The best way to settle a controversial draw is a rematch, which is exactly what will take place Saturday at Complejo Ferial in Ponce, Puerto Rico, when Jose "Chiquiro" Martinez and Alejandro "Peque" Santiago renew hostilities in a scheduled 10-round junior bantamweight bout.
Santiago (16-2-3, 7 KOs) was a late substitute when they first fought on Nov. 12, 2016, in Ponce, but many observers thought he'd done enough to emerge victorious.
"Martinez showed some good skills, but Santiago dominated the exchanges and only some local judging prevented him getting the decision," wrote Eric Armit in the British weekly Boxing News.
The 22-year-old Santiago, of Tijuana, Mexico, was quick to agree with those who thought he'd been robbed, and is confident he can do even better in the return bout.
"The fans thought I won when I fought Martinez before," he said. "For this fight, we have excellent preparation and my weight is perfect. I'm determined to make clear the victory."
Naturally, Martinez (20-0-1, 13 KOs) is also eager to set the record straight.
"It was a tough match because of his style. It took me a while to adjust to how he fights," said Martinez. "But this time will be different. We've been working on the mistakes we made in the first fight and will have a solid win on March 24th."
Martinez, 25, had a fine amateur career, which included silver medals at the 2011 Puerto Rican National Championship and the 2011 Olympic Cup. He turned pro in November of that year and, despite the contentious stalemate with Santiago, remains unbeaten.
Since their first fight Martinez has recorded two wins, knocking out Miguel Robles and Jesus Martinez, who entered the bout having won 14 of his 15 most recent fights.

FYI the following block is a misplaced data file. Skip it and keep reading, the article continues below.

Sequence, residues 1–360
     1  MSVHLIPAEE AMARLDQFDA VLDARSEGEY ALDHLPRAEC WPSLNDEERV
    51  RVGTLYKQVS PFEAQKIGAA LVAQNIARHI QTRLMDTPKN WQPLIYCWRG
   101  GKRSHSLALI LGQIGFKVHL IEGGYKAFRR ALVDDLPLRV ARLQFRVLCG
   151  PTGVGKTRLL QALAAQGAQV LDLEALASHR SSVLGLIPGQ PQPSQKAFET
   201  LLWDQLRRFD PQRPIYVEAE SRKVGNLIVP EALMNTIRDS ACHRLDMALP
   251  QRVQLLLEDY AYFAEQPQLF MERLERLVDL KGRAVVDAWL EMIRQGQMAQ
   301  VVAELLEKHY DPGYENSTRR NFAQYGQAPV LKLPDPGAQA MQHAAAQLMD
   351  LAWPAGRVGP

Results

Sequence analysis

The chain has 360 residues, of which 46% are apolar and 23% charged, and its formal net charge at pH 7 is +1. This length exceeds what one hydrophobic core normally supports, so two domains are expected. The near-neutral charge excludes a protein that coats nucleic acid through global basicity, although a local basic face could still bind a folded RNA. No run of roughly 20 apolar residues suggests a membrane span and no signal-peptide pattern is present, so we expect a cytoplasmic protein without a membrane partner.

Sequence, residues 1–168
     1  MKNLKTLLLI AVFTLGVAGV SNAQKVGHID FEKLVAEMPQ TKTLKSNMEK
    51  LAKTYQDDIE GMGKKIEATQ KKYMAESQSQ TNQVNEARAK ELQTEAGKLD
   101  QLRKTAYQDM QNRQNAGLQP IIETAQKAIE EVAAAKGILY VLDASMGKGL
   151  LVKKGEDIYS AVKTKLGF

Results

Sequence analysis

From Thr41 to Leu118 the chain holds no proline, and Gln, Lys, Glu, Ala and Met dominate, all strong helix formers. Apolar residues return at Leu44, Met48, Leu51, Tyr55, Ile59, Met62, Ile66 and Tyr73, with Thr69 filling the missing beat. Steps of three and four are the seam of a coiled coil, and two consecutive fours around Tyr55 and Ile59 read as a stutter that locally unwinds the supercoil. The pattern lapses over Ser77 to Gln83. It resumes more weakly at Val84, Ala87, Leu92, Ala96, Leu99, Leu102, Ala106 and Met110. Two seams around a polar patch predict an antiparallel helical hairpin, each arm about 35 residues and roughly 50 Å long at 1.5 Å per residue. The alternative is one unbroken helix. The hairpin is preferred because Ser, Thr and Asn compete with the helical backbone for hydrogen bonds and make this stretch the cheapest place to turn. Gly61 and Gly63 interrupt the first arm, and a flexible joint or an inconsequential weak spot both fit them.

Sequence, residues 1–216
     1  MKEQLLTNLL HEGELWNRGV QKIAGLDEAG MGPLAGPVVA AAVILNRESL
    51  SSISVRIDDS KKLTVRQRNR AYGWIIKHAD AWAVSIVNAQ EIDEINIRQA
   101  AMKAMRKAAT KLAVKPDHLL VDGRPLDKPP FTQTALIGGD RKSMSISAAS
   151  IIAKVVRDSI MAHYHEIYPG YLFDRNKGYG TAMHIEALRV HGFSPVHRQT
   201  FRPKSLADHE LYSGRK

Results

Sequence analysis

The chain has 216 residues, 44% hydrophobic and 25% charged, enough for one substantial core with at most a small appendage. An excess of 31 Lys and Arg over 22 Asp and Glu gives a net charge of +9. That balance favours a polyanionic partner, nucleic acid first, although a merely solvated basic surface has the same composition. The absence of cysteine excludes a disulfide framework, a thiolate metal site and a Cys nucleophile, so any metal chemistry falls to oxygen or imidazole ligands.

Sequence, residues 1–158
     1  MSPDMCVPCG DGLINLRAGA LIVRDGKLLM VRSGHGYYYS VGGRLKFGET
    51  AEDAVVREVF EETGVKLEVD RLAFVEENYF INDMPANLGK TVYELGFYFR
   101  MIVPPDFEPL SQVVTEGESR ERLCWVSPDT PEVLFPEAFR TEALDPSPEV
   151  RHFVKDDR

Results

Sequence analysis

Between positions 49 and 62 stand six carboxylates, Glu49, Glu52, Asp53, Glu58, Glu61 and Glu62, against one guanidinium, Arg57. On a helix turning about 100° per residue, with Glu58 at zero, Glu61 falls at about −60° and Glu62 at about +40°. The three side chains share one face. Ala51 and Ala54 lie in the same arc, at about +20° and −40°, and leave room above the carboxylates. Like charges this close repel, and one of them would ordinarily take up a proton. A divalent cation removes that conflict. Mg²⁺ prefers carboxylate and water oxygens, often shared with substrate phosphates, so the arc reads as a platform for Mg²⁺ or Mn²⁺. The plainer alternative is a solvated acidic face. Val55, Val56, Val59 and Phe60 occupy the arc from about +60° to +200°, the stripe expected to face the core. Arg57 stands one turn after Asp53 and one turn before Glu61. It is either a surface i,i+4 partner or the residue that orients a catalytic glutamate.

Santiago has also been busy, stopping Oscar Talla, Samuel Medina and David Godinez in a trio of post-Martinez bouts.
"The fans thought I won when I fought Martinez before. For this fight, we have excellent preparation and my weight is perfect. I'm determined to make clear the victory."Alejandro Santiago
As was the case in their first bout, the fight will take place on Martinez's home turf. Regardless of who prevails, if it goes to the scorecards, the judges had better get it right this time.
In the co-feature, Joshua "El Profesor" Franco (13-0, 6 KOs) faces Lucas Fernandez (11-1-1, 8 KOs) in another junior bantamweight bout scheduled for 10 rounds.
Except for a split-decision victory in his pro debut, Franco, 22, has breezed through his opposition with relative ease, but the San Antonio, Texas prospect isn't taking Fernandez for granted. He's honing his skills in the gym sparring with Abner Mares and Ronny Rios.
"I've worked with the Argentinians before," said Franco's trainer, Robert Garcia. "They're all very tough, very strong, and we have to be careful with any wild punches from Lucas Fernandez. But Joshua's skills, I think, are good enough to dominate at 115 pounds.
"I had a meeting with Golden Boy Promotions, and we're going to get Joshua three 10-round fights before August 7th. After that, we're going to push for him to get in the mix with the junior bantamweight fighters on HBO. I want to put him in with any of those top 115-pounders."
That's an ambitious schedule, especially with excellent fighters such as Srisaket Sor Rungvisai, Naoya Inoue, Juan Francisco Estrada and Carlos Cuadras heading up the talent-rich 115-pound division.
But first things first: Fernandez, a four-time national amateur champion in Argentina, is going to do his best to spoil Franco's plans for the immediate future.
"I'm a technical boxer, but depending on my opponent, I can be aggressive," said Fernandez. "I like to throw many punches."
In his most recent fight, the 26-year-old Fernandez fought a 10-round draw with undefeated Juan Jose Jurado, Nov. 18, 2017, in Buenos Aires. Even though he had to settle for stalemate, it was his most impressive performance since turning pro in September 2013. The Franco match will be Fernandez's first outside of Argentina.
In the TV opener, Zachary "Zungry" Ochoa meets Ryan Pino in a six-round junior welterweight match. The 25-year-old Ochoa (18-1, 7 KOs) is from Brooklyn, while Pino (7-1, 3 KOs) lives in Toa Baja, Puerto Rico.
"I really like to box and use my jab," said Ochoa. "I like to set up my shots and throw punches that are accurate. I can bang if I want to. I'm very unpredictable and explosive."
With only eight pro bouts to his credit, the 20-year-old Pino has a demanding task ahead of him. He's at his best when he keeps his opponents off-balance with movement and out-boxes them. If Pino can do that against Ochoa, it could be a more competitive fight in the ring than it looks on paper.
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